• Try not to let your wedding consume your life, plan beyond the wedding and see it as the start of things, not the end. Continue your regular hobbies while you plan.
  • Book your honeymoon for a few weeks, or even months, after your wedding. It will feel great to have something to look forward to after the celebration is over.
  • Spend what you can afford on your wedding. Avoid getting into debt as much as possible by sticking rigidly to your budget. Think about the amount you would be comfortable with having spent once it’s all over, this might help you create a more realistic budget at the start of your wedding preparations.

Post-wedding:

  • Take to the internet – Set up an online blog to share your feelings. Writing it down acts as a type of therapy and is much better than burying feelings. Post on the WOL wedding forums to ask for help from other brides or just to talk about your wedding – the girls will be happy to get the advice and experience from someone who just went through it.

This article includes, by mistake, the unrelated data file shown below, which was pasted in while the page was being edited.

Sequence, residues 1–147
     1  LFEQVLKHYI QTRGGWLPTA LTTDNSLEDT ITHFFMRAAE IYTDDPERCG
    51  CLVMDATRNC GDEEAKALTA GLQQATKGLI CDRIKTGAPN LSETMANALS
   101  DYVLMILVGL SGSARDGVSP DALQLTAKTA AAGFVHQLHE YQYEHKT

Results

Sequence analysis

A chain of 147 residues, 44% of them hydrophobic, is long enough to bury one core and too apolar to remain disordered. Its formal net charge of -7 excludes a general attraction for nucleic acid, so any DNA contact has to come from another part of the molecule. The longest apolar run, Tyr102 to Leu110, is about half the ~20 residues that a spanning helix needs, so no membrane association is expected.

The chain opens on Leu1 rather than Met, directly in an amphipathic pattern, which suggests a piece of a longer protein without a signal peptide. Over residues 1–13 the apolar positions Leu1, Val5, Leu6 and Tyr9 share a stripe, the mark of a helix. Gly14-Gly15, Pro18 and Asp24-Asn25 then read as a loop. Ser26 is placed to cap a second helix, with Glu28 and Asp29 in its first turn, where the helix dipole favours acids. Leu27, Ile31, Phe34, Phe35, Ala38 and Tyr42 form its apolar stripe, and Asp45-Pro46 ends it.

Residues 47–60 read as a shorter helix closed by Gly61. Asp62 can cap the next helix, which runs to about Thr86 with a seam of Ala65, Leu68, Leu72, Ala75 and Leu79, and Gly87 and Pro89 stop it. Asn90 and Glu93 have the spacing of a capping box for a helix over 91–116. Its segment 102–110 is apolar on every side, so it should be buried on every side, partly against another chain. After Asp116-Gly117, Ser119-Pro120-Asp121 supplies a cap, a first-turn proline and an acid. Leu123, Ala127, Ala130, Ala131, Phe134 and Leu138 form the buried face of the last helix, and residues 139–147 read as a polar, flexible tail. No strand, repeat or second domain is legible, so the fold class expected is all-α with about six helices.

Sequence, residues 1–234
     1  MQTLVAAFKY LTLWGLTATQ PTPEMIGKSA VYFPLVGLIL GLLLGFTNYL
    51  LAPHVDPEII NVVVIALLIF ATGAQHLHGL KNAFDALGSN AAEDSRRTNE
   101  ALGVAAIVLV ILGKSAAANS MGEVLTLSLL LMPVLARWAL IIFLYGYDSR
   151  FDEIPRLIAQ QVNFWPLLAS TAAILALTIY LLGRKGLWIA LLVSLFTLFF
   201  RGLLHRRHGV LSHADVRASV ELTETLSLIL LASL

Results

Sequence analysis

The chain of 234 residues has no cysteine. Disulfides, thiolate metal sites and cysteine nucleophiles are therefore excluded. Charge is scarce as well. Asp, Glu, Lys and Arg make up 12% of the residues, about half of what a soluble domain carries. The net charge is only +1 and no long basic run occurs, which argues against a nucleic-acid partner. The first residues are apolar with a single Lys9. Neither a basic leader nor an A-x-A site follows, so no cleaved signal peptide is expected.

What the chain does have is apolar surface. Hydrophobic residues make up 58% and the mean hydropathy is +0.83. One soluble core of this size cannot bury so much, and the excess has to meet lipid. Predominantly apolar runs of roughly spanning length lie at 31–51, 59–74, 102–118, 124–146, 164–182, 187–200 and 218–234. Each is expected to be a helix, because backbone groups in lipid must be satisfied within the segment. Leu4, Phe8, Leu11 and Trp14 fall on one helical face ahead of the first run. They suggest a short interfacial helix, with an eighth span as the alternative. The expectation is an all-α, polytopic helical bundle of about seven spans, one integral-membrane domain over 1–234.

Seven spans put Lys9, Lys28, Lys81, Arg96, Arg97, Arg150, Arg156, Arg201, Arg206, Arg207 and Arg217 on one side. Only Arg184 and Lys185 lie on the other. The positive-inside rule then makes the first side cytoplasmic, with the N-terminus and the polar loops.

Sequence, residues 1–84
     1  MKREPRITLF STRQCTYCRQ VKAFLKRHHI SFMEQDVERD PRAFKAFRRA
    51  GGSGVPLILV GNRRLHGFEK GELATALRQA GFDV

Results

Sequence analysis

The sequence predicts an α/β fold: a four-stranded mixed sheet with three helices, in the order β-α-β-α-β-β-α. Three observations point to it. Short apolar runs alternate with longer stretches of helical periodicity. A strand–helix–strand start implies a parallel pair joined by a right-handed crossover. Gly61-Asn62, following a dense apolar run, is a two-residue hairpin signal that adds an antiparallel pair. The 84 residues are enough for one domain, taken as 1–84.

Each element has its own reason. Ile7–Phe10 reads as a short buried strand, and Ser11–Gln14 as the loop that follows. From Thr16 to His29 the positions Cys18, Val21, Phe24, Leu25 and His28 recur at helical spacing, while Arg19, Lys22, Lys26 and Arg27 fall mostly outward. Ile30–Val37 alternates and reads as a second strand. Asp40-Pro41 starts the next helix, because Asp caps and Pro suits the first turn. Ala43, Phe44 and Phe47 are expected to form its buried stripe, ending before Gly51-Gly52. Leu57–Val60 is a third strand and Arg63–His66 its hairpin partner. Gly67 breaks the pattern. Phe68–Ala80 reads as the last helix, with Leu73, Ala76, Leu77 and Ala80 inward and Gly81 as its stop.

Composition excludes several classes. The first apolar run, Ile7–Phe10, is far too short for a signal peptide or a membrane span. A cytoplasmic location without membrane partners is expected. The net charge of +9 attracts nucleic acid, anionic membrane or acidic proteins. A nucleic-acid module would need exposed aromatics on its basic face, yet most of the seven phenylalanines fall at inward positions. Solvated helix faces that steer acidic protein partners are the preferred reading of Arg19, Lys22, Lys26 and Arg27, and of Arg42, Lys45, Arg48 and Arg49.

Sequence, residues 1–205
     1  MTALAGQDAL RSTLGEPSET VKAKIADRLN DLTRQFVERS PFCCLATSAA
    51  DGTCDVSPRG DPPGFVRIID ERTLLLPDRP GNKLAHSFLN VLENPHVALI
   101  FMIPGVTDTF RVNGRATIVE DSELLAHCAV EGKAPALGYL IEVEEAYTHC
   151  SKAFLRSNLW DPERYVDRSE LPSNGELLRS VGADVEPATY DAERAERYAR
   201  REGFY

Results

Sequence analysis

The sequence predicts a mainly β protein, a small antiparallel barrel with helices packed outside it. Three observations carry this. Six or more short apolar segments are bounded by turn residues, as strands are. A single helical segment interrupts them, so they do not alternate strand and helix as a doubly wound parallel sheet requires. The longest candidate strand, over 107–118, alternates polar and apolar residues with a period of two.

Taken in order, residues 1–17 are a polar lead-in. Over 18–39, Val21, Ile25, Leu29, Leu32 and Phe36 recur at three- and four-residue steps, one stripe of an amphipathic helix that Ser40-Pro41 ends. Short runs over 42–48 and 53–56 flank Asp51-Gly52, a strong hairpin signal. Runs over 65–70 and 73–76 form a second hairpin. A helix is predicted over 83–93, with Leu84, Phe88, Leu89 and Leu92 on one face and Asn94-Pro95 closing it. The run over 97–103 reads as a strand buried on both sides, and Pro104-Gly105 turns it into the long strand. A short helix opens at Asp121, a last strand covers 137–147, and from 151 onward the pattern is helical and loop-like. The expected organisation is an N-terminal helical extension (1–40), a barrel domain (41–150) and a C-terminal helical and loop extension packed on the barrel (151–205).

• Set up a company – If you really got into everything wedding, and feel you were particularly good at it, think about using your passion and experience professionally by setting up a wedding-related business such as wedding planning, an online wedding store, graphic design for wedding stationery or anything else you have a flair for!
  • Start a new project – Redecorate a room, start learning a language, volunteer for a charity, try to extend your ‘wedding diet’ into getting really fit. Get yourself a healthy obsession that will take up your spare time and will give you something to talk passionately about like you did your wedding.

Main photo by Simply Bloom Photography

By Karen Birney

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Karen
Former editor, current contributor, (she just can't let go!) Karen enjoys writing fashion but is known to dabble in decor from time to time. Her favourite section on the site is the Real Wedding section, followed closely by the Health & Fitness forums.